Mara Siegler of “Page Six” is reporting that Ben Affleck and Ana de Armas — “Benana” — split up over whether to have a family together. “[Ben] would not commit to having more kids,” an insider told Siegler. And so to Ana, being 32 and in the prime of life-and-career, the 48-year-old Affleck’s position “was a deal-breaker.”
This seems like a perfectly reasonable reaction on Ana’s part — she wants a kid or two, Affleck doesn’t, no basis for moving forward, end of story. One presumes the couple might have shared their basic views about having children before de Armas moved into Affleck’s home last August, but apparently they didn’t. Or they did and Ben changed his mind…whatever.
In yesterday’s “Benana Goes South” piece, I didn’t address the issue of having kids. I only considered the fact that Ana had bailed on their relationship between four and five months after she moved into Ben’s Pacific Palisades home, which struck me as rather abrupt and hot-tempered. But the kid issue changes things. Again, I would have sussed this out out before moving in, but Ana ixnaying Affleck when he refused to consider a family is completely understandable.
Hollywood Elsewhere hereby withdraws the suggestion that Ana’s hot Cuban blood (” crazy Cubans”) might have been a factor, and I apologize also. Really. Any woman looking to have kids might have come to the same conclusion.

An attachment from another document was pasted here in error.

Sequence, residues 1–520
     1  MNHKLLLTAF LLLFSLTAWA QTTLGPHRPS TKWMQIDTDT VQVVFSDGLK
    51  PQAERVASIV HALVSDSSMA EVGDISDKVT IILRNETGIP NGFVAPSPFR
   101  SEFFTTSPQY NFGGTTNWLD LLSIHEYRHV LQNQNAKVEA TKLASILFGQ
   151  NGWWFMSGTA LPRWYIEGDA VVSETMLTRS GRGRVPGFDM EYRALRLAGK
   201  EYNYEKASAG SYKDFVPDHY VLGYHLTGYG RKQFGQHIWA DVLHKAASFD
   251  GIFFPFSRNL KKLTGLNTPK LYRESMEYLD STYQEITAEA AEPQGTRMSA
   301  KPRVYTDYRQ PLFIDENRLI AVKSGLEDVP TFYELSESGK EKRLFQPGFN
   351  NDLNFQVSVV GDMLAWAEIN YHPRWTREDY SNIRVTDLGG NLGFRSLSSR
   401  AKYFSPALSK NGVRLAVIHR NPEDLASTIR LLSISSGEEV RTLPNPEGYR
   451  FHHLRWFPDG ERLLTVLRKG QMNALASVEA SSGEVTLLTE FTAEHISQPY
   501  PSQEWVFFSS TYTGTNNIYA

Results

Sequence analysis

I do not apologize, however, for alluding to the generic term “crazy Cubans.” As I explained yesterday, I borrowed it from Jack Warden‘s Washington Post character in a scene from All The President’s Men: “It could be a story or it could just be crazy Cubans.” HE to commentariat: “Don’t say I got some ‘splainin’ to do — talk to Warden or the ATPM screenwriters or director Alan Pakula — they used it first.”
To which Bob Strauss replied, “They’re all dead — what’s your excuse?”
To which I replied, “As you well know, in a special limited movie-fanatic sense they’re not dead. Respect their decision to write, act or direct a scene that mentioned the term ‘crazy Cubans.’ It was real, Warden was a top Washington Post editor, and it was life on the planet earth by way of the living, breathing space ships known as 1975 and ‘76.